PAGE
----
The Storyteller by Rob Burton is a very short story about a global, philosophical topic. Does man have free will or is there predestination controlled by deities of whichever religion one subscribes to? This story will not provide answers, it will inject yet another factor into the mix, the role of the Storyteller.

The Storyteller is a contradiction. He hates to make choices about anything, such as what to have for breakfast. Yet he makes thousand of choices per day as he determines the fate of others that he has had some physical contact with. This may seem to make him the Devil or God but he denies being either. This is logical when he mentions that he is not the only one in the world. There may be hundreds or thousands in existence.

Present Day Ghosts

The Ghosts of Scotland is, as the subtitle explains, a collection of ghost stories from across the Scottish nation. Written by Sean McLachlan with input from Charles River Editors, the collection has five stories, a four-page bibliography citing seventeen sources, two online resource links, and links leading to free and discounted offers by Charles River Editors.

Fallen Angels by Marvin J. Wolf and Katherine Mader is described in its subtitle as a chronicle of L.A. (Los Angeles) crime and mystery. Yep, I know that “everybody” knows L.A. stands for Los Angeles but there are those unfamiliar with the United States that might think L.A. is a genre of crime and mystery that involves the use of leather articles (LA) so I wanted to clear that up. This novel fulfills the requirements of a chronicle as it presents true crime accounts from 1847 to 1983. There is a fascinating addendum at the end dated 1987 which provides updates to the earlier reported Thelma Todd mystery. This is crime reporting with many irrefutable facts referenced in an approximately 11-page bibliography. Some may argue this is not a novel due to the reporting of so much factual information. But there are also a lot of unsolved mysteries and possibilities presented. The idea that studios staged crime scenes to protect contract actors may have a basis in truth. The reader will probably question why there was so much time between a death and the report of the death to the police. Because of conjectures, no one knew what really went on in the “missing time” sequences, I call this work a novel.

Three thoughts on this one. First, it is sad to hear that what started out as a lovely morning stroll…

In 13: A Baker’s Dozen of Suspense and Horror Tales by David Six, I will comment on each story, but they do have one common factor that I think will be good to look out for before you read. This struck me about three stories in. Watch this author’s talent for description. Do that and these stories will capture your attention. In some stories, the plot moves slowly but the talent the author displays with description makes all the stories worth reading.

The Man Behind the Bar by Chris Sarantopoulos is a short story (locations 201) which I received from Instafreebie, a platform for free giveaways and book promotions.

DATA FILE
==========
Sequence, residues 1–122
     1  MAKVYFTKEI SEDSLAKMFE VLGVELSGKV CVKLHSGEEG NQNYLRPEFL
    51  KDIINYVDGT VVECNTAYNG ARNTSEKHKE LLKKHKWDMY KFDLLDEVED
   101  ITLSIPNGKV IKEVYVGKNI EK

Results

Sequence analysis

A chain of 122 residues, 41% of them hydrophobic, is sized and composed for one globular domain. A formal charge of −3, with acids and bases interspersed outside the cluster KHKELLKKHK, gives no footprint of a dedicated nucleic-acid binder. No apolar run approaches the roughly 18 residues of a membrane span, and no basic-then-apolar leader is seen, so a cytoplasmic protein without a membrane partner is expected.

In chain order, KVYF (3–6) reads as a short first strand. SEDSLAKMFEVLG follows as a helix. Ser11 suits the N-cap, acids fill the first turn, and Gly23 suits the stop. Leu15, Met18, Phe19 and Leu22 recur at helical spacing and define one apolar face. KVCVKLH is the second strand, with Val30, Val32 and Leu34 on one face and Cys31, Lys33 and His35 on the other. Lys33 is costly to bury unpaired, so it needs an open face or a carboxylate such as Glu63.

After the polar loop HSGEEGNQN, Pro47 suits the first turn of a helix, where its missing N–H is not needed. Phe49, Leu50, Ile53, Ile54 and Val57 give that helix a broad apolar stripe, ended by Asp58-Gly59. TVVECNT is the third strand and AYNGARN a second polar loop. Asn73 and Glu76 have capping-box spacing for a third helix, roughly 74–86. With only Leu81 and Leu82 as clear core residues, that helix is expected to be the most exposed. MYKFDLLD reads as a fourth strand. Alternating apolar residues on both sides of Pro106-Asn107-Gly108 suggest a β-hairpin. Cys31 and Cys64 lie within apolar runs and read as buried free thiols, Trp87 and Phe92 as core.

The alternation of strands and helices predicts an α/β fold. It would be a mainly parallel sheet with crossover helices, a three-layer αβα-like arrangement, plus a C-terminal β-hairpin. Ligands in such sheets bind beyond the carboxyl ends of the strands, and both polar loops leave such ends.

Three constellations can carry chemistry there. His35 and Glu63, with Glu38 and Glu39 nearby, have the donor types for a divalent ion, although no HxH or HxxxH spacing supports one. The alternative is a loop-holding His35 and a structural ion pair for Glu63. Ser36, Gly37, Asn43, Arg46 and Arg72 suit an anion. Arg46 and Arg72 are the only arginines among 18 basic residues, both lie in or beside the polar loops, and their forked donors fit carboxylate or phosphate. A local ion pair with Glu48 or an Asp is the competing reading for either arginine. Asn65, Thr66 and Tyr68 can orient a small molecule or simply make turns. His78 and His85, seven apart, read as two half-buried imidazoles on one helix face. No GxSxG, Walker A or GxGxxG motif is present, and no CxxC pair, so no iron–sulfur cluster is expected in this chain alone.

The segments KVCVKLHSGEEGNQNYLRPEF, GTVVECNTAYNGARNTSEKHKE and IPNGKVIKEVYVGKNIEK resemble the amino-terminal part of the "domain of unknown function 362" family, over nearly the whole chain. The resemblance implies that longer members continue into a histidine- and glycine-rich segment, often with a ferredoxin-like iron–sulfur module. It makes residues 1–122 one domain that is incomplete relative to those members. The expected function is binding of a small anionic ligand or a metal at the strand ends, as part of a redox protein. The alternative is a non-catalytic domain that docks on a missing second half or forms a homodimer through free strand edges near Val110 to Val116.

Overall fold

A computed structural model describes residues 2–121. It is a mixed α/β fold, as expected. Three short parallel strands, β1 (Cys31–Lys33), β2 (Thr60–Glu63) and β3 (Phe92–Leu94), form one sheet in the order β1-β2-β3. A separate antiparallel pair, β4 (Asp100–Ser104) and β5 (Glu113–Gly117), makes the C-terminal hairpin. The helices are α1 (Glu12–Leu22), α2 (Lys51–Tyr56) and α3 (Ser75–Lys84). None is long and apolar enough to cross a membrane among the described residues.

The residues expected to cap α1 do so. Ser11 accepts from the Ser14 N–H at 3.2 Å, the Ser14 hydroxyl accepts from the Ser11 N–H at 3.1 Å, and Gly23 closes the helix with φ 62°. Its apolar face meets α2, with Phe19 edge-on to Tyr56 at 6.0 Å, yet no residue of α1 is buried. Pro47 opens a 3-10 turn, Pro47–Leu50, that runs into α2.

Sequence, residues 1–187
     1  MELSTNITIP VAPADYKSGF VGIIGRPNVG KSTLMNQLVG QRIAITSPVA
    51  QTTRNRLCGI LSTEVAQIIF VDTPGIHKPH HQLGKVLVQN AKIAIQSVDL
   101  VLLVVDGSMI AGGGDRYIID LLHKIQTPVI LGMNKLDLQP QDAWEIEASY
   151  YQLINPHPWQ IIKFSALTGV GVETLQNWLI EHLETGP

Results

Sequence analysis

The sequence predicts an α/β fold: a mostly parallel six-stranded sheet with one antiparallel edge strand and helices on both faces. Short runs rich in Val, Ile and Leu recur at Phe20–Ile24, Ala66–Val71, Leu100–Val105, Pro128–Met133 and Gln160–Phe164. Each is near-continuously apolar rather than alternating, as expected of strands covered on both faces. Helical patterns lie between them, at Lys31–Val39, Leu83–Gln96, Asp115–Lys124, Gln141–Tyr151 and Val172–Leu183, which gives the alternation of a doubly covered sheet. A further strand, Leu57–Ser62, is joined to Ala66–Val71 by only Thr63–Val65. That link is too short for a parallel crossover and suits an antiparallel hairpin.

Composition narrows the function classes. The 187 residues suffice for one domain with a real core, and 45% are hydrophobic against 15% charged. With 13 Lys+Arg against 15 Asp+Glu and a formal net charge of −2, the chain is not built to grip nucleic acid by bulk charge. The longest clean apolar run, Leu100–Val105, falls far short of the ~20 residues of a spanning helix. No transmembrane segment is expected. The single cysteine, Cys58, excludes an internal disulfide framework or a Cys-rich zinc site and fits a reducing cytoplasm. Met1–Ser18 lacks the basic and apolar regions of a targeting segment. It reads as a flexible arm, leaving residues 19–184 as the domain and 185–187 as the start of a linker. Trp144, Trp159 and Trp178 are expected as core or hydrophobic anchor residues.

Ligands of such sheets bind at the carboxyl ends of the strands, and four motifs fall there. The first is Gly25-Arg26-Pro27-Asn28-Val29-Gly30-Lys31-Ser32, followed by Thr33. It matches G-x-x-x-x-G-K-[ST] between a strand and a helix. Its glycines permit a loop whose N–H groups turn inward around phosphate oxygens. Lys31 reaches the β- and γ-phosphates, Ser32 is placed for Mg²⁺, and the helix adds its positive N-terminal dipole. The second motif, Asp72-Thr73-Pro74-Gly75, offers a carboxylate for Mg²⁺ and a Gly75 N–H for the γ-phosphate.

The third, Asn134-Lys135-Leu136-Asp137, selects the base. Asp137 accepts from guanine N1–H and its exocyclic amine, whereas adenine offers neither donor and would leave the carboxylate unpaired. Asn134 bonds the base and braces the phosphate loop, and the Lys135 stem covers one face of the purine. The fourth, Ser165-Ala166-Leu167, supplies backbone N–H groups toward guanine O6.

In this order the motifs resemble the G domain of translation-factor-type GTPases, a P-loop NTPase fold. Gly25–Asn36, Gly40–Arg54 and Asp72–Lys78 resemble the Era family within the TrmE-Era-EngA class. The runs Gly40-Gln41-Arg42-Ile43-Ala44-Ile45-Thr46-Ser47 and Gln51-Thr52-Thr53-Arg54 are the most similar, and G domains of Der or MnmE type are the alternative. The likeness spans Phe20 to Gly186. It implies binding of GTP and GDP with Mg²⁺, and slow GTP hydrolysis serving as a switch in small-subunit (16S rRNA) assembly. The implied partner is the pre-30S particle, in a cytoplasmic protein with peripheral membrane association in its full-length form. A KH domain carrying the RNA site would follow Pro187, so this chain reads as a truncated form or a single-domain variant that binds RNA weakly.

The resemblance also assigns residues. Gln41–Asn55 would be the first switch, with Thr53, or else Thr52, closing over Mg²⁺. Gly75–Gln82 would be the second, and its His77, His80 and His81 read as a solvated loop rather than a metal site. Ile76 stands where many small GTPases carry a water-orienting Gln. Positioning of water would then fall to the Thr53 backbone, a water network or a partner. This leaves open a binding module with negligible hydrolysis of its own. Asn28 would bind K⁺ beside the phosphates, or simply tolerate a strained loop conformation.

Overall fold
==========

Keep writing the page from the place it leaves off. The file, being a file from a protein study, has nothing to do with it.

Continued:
The bar sign said Ben Stingler’s place but when the hitman entered the bar, the bartender knew that he, the bartender, was entering a life and death situation. Either he or the hitman would soon be dead. The bartender, real name Phil Harisson, had a shotgun on a swivel just under the bar. Phil might be able to come out of this alive. The hitman was straightforward about his mission. He laid his Baretta pistol on the bar and asked Phil what had gone wrong; what had he done to anger boss Bocca so much that today it had come to this? Phil was himself a hitman with quite a tally of successes. Phil knew, thought it was logical, that one day he might occupy the same position as those he had dispatched. Phil was not resigned to it; he had changed his name, moved to a new city, and opened a bar. Obviously, that had not worked.

Detective Pauls was a bored cop with nothing to do around the house. It was an involuntary vacation forced on him by the boss while Internal Affairs was investigating him for the shooting (not accidental) of a 14-year-old juvenile entrepreneur who had been repairing a neighbor’s window at 1:00 AM in the dark without any light source to aid him. Civil libertarians were screaming for his blood while ignoring his claims of a justified shooting. While resting, Pauls had performed every household chore possible which would have made his wife proud if he had a wife. Pauls almost welcomed a call for his expertise in the investigation of a suspicious suicide at a nearby shooting range. Immediate identification of the victim was almost impossible due to an atomized, thus missing, head but Pauls would try to work with what he had. One piece of evidence Pauls would eventually find is in the title, The Girl on the Videotape by Ruth Parker.

This looks like a fun thing to do. Twittering Tales #59 – 21 November 2017 is a project from the awesomely…

From the title, we can guess that A Perfect Society is a series prequel. This short story sets the scene…

Reading this is like sticking a mixing device in your brain and setting the mixer speed to high. However, it…